The existing literature on determinants of migration flows typically claims that income differences across countries should be a pushing factor for people's movement. We suggest that institutional quality is a better proxy for the factors that trigger migration. People may well want to stay in or move to relatively poor countries if institutions are good, partly because good institutions have an intrinsic value for people and partly because good institutions may be a sign of future economic growth. In contrast, low income and absolute poverty work both as push-factors and as credit constraints, so that people may want to leave, but few can afford to migrate when poverty is high.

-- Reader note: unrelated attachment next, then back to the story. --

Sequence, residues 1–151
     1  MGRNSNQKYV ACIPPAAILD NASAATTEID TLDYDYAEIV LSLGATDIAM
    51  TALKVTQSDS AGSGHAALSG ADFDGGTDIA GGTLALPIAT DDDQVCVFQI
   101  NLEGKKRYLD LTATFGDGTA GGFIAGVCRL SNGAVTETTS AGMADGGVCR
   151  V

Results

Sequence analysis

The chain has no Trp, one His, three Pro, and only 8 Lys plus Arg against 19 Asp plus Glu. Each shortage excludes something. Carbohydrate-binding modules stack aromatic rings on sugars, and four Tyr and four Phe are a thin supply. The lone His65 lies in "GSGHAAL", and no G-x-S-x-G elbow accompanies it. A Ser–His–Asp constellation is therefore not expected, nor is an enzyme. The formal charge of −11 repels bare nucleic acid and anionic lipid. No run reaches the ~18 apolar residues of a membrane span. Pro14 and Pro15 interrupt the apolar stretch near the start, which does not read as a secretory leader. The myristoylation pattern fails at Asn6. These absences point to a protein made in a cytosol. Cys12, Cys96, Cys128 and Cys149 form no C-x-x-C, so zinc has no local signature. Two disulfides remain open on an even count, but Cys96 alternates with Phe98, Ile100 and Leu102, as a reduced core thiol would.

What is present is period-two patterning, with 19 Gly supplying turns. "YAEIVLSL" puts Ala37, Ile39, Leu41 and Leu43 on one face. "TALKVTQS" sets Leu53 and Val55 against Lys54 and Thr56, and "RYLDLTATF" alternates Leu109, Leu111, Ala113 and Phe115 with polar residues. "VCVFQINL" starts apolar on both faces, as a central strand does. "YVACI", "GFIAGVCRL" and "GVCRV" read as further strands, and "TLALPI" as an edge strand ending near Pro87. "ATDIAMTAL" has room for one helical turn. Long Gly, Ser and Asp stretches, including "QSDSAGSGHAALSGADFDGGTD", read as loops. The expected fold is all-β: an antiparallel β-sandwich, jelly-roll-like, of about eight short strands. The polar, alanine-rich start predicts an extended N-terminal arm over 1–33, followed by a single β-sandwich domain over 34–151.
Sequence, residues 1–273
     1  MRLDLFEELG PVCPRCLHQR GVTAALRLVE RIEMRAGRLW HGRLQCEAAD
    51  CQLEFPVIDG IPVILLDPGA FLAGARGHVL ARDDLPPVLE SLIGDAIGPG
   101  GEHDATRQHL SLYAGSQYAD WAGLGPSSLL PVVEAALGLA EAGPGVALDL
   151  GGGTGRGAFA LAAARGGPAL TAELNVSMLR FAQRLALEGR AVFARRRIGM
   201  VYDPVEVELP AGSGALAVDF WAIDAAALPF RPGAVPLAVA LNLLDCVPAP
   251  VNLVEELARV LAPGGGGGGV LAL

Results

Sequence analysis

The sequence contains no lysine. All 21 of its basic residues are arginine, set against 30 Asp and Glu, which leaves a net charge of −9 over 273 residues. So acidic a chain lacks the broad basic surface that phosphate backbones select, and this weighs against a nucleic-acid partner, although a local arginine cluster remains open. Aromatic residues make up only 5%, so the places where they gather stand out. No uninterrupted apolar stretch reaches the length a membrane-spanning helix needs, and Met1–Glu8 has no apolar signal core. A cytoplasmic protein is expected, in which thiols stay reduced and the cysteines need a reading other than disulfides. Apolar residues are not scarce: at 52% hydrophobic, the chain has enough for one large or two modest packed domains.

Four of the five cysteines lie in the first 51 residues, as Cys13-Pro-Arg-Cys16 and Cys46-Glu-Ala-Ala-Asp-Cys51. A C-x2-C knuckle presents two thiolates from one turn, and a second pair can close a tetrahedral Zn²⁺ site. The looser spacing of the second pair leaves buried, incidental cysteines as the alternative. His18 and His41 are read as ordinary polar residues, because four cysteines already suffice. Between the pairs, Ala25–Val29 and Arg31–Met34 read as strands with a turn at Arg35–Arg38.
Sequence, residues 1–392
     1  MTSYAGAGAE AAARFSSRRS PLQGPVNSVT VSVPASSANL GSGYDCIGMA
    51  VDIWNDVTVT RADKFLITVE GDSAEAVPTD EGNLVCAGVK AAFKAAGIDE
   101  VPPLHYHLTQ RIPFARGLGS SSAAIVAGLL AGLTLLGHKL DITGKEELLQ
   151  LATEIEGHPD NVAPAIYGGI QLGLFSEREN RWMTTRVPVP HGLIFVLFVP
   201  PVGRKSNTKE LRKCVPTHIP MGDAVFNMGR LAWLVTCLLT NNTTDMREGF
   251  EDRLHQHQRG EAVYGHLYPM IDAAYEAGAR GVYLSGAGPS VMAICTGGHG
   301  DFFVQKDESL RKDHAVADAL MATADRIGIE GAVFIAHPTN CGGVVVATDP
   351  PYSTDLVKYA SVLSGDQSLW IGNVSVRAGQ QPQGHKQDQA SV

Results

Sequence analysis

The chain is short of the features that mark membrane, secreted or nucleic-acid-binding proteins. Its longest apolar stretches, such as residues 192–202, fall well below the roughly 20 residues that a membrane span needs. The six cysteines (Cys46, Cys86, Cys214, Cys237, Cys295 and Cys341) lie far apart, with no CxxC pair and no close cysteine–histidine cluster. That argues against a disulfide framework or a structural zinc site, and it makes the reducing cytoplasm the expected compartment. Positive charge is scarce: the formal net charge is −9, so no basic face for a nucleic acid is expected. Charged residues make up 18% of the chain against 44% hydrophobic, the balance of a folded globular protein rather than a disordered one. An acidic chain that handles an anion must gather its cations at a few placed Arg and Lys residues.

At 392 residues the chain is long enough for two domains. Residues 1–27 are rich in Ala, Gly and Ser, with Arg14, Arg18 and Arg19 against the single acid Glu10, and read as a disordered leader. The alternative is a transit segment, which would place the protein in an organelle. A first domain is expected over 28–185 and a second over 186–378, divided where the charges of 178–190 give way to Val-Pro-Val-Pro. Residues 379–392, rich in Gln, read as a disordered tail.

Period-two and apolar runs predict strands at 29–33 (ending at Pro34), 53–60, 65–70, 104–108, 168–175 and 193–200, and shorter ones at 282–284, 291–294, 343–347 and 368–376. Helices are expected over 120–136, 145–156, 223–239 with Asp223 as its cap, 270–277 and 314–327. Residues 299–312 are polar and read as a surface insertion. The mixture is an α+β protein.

We test our hypotheses using new data on bilateral migration flows from Abel and Sander (2014), the Worldwide Governance Indicators and the World Bank data on headcount poverty, using a migration gravity model with a spatial specification. Controlling for both source and destination income levels, we find that institutional quality matters significantly for migration. Poor institutions act as a push factor, while absolute poverty in a country of origin limits migration. We also find that omitting spatial factors biases the effect of institutions upwards.